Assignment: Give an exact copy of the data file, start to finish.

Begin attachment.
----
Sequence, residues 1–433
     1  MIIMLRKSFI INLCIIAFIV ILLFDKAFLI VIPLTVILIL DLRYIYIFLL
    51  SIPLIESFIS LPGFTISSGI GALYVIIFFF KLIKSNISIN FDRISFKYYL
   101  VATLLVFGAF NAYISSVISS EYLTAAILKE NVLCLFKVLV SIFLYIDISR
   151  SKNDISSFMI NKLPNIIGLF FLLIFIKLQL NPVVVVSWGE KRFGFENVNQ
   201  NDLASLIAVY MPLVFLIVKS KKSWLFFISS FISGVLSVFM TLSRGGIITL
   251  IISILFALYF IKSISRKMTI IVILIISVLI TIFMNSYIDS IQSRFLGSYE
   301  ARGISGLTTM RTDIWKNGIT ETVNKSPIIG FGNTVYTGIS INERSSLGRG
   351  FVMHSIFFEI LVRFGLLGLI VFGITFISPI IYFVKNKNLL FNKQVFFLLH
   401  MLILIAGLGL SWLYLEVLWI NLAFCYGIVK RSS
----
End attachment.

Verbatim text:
Sequence, residues 1–433
     1  MIIMLRKSFI INLCIIAFIV ILLFDKAFLI VIPLTVILIL DLRYIYIFLL
    51  SIPLIESFIS LPGFTISSGI GALYVIIFFF KLIKSNISIN FDRISFKYYL
   101  VATLLVFGAF NAYISSVISS EYLTAAILKE NVLCLFKVLV SIFLYIDISR
   151  SKNDISSFMI NKLPNIIGLF FLLIFIKLQL NPVVVVSWGE KRFGFENVNQ
   201  NDLASLIAVY MPLVFLIVKS KKSWLFFISS FISGVLSVFM TLSRGGIITL
   251  IISILFALYF IKSISRKMTI IVILIISVLI TIFMNSYIDS IQSRFLGSYE
   301  ARGISGLTTM RTDIWKNGIT ETVNKSPIIG FGNTVYTGIS INERSSLGRG
   351  FVMHSIFFEI LVRFGLLGLI VFGITFISPI IYFVKNKNLL FNKQVFFLLH
   401  MLILIAGLGL SWLYLEVLWI NLAFCYGIVK RSS